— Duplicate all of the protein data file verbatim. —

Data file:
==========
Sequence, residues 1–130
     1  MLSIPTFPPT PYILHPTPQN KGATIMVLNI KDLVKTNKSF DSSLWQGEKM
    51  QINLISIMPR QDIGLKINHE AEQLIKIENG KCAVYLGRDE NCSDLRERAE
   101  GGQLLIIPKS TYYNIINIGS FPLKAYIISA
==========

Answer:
Sequence, residues 1–130
     1  MLSIPTFPPT PYILHPTPQN KGATIMVLNI KDLVKTNKSF DSSLWQGEKM
    51  QINLISIMPR QDIGLKINHE AEQLIKIENG KCAVYLGRDE NCSDLRERAE
   101  GGQLLIIPKS TYYNIINIGS FPLKAYIISA